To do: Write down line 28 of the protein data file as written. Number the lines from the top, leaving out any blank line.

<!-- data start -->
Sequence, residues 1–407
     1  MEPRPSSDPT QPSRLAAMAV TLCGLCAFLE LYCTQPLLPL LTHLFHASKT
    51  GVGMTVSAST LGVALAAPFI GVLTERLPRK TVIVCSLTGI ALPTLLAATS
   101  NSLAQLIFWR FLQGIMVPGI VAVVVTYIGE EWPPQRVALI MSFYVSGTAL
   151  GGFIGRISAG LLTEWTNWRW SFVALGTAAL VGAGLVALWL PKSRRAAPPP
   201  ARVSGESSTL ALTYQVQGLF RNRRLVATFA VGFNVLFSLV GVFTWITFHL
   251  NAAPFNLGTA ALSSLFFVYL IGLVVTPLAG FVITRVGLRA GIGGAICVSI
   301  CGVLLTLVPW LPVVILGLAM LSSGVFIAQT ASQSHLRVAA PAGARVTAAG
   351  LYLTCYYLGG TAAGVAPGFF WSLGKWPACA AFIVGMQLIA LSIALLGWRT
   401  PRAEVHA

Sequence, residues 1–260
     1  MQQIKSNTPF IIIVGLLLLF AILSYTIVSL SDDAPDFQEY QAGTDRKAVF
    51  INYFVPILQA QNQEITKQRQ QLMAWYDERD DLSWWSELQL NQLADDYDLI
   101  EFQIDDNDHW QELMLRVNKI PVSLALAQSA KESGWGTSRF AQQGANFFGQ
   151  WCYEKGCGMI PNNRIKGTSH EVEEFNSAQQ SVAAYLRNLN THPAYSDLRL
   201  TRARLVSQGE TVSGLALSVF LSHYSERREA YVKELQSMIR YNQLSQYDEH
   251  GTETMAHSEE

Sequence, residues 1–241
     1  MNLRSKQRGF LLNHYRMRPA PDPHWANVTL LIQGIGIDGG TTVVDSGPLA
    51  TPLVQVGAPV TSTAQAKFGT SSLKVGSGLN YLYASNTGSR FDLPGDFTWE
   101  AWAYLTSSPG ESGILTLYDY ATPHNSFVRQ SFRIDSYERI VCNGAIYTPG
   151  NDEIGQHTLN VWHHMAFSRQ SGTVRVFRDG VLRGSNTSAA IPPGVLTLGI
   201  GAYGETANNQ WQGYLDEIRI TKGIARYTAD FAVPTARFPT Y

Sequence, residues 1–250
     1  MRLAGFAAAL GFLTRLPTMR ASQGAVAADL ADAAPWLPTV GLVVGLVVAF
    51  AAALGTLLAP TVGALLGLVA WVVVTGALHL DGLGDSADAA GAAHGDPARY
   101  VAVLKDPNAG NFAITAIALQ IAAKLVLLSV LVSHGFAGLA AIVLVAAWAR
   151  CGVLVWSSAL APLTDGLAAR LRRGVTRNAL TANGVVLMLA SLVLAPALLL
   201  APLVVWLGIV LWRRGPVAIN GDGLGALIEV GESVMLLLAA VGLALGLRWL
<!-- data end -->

   151  CGVLVWSSAL APLTDGLAAR LRRGVTRNAL TANGVVLMLA SLVLAPALLL